Trojan Vice President of Marketing Bruce Weiss noted the importance of the Sexual Health Report Card in encouraging student health centers to make necessary changes.
“The makers of Trojan Brand Condoms believe colleges and universities have a responsibility to help students develop sexually healthy attitudes and behaviors by providing unfettered access to information, services and products,” Weiss said. “By calling attention to the state of sexual health on campus, we hope to get people talking about the issues, initiating change and making smart decisions about their sexual health.”
In fact, Weiss noted that the report card has encouraged change within colleges already.
“Over the years the Report Card has served as a catalyst for many schools to take a closer look at how students are being equipped with the tools needed to stay informed on sexual health,” Weiss said. “Whether it’s via a new sex week, increased peer-to-peer programing or ‘Free Condom Fridays,’ we’ve seen schools from all regions and a variety of affiliations use the rankings to spark positive conversations and change.”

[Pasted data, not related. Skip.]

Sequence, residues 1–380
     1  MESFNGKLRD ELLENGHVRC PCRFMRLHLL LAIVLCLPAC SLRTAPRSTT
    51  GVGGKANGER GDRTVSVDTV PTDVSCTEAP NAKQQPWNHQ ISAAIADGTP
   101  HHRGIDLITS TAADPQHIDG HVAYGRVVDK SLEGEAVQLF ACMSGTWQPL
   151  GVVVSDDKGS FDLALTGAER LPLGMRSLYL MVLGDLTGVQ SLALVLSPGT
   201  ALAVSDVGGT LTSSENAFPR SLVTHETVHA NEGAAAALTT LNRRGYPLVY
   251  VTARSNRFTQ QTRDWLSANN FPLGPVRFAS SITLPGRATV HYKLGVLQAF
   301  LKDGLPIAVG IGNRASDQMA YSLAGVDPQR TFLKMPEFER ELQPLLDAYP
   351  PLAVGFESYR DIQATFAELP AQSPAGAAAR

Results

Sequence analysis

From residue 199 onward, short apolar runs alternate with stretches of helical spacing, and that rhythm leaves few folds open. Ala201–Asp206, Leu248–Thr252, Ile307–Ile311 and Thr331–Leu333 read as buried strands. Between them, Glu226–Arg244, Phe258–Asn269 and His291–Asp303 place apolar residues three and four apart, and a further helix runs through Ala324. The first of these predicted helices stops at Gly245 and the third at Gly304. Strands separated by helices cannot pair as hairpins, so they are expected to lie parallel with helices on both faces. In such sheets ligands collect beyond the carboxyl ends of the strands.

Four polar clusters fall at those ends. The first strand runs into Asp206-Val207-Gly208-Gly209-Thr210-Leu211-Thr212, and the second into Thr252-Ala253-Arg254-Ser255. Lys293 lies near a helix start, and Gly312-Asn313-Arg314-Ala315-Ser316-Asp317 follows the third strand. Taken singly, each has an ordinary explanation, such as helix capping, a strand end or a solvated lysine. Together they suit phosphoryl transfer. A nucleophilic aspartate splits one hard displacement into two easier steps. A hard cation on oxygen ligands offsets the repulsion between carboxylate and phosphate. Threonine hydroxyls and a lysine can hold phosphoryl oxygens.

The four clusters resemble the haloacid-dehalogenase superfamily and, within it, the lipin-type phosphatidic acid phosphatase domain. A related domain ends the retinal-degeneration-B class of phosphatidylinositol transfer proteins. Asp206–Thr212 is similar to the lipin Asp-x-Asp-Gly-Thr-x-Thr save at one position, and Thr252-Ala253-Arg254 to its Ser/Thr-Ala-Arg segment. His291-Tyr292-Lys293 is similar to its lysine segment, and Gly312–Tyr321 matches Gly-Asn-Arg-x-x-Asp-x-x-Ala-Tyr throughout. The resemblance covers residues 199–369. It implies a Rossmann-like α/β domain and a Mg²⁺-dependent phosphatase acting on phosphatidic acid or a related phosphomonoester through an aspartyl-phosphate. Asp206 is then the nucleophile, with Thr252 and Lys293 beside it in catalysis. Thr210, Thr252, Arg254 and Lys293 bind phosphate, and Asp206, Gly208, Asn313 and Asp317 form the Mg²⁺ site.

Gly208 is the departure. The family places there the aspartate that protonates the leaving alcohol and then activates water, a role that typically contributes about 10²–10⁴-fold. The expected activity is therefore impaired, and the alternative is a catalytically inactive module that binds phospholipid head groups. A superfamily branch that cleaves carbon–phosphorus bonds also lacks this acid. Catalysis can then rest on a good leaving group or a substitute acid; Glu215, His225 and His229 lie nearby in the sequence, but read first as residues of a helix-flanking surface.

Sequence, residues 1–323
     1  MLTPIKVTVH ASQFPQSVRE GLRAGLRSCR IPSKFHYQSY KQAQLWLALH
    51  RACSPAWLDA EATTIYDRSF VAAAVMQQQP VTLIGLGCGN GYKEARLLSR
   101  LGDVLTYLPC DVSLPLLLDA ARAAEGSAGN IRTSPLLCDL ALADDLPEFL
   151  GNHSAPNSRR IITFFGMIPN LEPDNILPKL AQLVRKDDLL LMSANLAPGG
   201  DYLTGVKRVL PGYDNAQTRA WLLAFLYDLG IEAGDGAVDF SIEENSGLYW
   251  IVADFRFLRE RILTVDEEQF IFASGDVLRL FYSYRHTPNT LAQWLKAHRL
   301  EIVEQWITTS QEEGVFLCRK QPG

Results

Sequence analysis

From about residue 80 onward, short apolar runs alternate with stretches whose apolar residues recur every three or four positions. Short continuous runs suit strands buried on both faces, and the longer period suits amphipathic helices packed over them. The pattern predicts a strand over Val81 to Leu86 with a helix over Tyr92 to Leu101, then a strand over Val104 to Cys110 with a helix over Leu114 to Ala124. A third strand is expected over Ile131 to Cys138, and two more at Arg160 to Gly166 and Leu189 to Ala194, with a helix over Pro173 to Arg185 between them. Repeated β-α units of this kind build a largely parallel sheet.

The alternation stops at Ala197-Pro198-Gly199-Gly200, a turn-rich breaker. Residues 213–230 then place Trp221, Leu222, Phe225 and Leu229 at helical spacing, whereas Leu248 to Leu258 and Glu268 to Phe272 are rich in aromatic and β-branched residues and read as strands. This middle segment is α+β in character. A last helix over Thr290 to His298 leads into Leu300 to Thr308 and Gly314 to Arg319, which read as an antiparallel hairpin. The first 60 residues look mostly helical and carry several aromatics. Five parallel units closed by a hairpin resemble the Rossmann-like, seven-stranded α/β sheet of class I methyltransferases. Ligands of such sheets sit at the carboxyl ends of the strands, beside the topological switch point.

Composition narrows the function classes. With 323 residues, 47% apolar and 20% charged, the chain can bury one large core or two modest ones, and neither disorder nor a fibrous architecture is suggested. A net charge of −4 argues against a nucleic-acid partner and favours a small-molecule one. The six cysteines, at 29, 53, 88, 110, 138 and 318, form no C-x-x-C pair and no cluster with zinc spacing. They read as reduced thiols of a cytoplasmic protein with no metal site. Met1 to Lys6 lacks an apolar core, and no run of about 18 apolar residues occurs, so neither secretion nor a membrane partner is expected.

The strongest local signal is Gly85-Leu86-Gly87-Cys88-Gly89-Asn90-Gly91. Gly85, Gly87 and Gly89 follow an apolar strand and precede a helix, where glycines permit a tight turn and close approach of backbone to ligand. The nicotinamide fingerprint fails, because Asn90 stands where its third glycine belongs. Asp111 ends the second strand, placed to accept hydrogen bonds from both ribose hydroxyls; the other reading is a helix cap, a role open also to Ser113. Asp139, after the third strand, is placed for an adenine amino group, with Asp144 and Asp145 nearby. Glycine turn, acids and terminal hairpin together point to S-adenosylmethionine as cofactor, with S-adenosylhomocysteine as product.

The university health center was criticized in late September during a campus-wide health scare after Andrea Jaime (NHS ’17) died of bacterial meningitis Sept. 16.
Students cited displeasure with their difficulties scheduling last-minute appointments, and many said they utilized other off-campus health services, such as the CVS Minute Clinic, when sick or in need of care.
Grace Smith (COL ’18) is a member of H*yas for Choice and said that she is disappointed in the university’s lack of sexual health resources.